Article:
Our talk was full, so we had a great audience of interested people who asked questions all the way along and shared their own experiences of being pet owners. What stood out particularly, and resonated with the findings from our study, was the way in which pets give unconditional love which is consistently there regardless of how we are feeling.
Pets are trusted more than people many said and seem to have an intuitive understanding of their owners, knowing just when to demand to go out or to curl up for a cuddle.
For me most important was the knowledge, which we gained from the study, that for our cohort none of the participants had their pets considered as important network members as part of their care and yet all that had pets stated that they were essential.
The room completely agreed with this and the professionals in the room were clear that pets will be considered more seriously in future, in fact two of the attendees stated that they were relieved to have some research evidence to back up something they had wanted to attend to for a while but had felt reluctant to do so in case they were laughed at.
More and more of us are looking online for information to support our health (see Chris Allen’s work on support in Online Communities). In my research, I have found that the ability to get hold of that information and support, which is personal to you, can make a huge difference to how well you are.
I’m focusing on insulin pumps, which are an alternative means to deliver insulin to people with diabetes – compared to the more traditional multiple daily injections.
Insulin pumps have been developed to help people with Type 1 diabetes manage the condition better; both in terms of their quality of life and by more closely resembling a fully-functioning pancreas.
However, introducing a new health technology to an already difficult to manage condition is not necessarily simple, or easy.
The everyday management of a long-term condition is almost never done by individuals in isolation from others. The networks of relationships around people may include family members, friends, neighbours, colleagues, health professionals and even pets all of who play an important role in the management of long-term conditions. This is through, for example, their knowledge, support, help with accessing services, resources and valued activities.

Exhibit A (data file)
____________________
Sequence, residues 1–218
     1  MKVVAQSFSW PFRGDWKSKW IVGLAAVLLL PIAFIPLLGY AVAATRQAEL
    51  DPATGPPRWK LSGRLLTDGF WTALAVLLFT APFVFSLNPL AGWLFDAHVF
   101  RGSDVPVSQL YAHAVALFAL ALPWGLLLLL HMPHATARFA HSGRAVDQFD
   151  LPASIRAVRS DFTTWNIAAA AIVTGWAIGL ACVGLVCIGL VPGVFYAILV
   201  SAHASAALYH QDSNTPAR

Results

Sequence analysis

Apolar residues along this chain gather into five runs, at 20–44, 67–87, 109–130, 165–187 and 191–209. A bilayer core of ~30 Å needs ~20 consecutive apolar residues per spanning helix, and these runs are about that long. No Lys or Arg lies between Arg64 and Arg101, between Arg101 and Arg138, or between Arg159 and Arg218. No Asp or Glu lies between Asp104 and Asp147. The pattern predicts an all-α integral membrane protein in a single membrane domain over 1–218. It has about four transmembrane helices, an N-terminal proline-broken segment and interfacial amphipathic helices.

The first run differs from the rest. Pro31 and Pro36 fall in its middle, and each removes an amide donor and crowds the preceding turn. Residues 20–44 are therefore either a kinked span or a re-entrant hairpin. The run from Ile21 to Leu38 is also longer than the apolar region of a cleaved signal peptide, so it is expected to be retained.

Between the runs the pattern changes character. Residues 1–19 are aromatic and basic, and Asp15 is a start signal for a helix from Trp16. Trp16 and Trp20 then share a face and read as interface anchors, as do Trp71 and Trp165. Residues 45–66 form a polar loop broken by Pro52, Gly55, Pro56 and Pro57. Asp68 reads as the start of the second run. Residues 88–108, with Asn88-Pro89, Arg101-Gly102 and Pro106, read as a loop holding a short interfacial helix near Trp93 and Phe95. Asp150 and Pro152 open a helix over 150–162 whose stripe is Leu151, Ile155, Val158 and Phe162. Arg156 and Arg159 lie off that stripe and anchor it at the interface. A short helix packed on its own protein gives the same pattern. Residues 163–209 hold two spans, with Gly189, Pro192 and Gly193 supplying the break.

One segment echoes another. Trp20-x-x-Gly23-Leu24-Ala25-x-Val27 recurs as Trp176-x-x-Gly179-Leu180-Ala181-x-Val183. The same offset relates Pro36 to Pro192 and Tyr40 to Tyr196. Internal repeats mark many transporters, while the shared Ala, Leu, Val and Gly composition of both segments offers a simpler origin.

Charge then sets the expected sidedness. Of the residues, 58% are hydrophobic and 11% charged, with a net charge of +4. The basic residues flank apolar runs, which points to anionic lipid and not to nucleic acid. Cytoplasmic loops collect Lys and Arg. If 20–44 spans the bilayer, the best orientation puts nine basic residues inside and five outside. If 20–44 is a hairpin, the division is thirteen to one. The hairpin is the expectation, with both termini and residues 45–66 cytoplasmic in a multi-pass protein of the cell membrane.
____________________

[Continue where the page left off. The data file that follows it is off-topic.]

In 2015 I was fortunate enough to be awarded some funding from Solent NHS Trust to explore the networks of people with long term mental health issues. This project looked at how people manage their networks day-to-day and when they are in crisis, looking to see what the differences were between networks and how people negotiate the relationships within them. All the participants were recruited from community groups and many of the participants were students of a local Recovery College*.
Could this statement be the one that encapsulates the perception that mental health services are frequently unable to help people with mental health issues?
A research participant in a study I’m conducting into support networks of people with long term mental health problems outlined what she saw as some of the problems with her encounters with health professionals in the mental health system.
Professor Anne Rogers explains how weaker social ties play a role in helping people manage a long term illness.
With ever more attention on the NHS and how many nurses and doctors are needed to give people the best care, one part of the health equation is going unnoticed – What attention is being paid to the role of the patient and their extended network of relationships? In early 70s West Coast America a piece of research by Anselm Strauss and colleagues examined a set of questions on ‘self-care’.
This site promotes independent research by the National Institute for Health Research Collaboration for Leadership in Applied Health Research and Care (CLAHRC) Funding Scheme. The views expressed in this blog are those of the author(s) and not necessarily those of the NHS, the National Institute for Health Research or the Department of Health